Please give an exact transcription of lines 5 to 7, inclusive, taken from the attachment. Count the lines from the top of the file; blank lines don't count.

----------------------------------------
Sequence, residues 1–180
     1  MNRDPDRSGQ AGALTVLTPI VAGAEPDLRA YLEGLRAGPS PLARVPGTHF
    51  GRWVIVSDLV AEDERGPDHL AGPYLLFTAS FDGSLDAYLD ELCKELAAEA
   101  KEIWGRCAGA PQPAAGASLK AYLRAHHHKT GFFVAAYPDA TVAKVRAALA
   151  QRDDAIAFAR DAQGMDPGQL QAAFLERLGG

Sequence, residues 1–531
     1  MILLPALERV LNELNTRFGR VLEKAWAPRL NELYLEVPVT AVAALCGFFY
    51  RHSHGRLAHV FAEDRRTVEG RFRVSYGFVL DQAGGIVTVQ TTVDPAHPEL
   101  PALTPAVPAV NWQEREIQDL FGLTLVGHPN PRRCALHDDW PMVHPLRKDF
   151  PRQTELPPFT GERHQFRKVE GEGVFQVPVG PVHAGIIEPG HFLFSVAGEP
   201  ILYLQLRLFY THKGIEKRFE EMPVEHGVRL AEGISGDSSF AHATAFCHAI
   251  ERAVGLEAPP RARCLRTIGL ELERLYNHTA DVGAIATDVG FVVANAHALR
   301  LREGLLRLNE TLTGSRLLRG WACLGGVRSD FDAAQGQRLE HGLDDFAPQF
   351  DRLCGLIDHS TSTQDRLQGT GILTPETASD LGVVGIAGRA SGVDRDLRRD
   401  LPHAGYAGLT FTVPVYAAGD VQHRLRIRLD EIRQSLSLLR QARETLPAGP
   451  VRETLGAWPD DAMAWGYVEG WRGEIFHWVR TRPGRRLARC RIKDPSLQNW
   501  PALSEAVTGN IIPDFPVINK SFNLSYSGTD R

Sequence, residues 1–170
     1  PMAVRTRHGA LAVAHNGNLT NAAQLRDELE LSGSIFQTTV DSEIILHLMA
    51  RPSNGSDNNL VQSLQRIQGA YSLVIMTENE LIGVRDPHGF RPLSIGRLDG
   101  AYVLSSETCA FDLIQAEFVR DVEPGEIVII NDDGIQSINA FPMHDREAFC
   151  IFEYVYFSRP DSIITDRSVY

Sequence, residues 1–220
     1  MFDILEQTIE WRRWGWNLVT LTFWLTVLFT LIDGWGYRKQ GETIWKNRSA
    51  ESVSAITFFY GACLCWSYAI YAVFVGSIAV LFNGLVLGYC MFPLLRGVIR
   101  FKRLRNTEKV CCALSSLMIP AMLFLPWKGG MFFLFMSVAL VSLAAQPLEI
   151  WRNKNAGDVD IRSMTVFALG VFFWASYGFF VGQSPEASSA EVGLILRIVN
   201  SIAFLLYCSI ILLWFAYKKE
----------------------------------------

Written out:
   151  QRDDAIAFAR DAQGMDPGQL QAAFLERLGG

Sequence, residues 1–531
     1  MILLPALERV LNELNTRFGR VLEKAWAPRL NELYLEVPVT AVAALCGFFY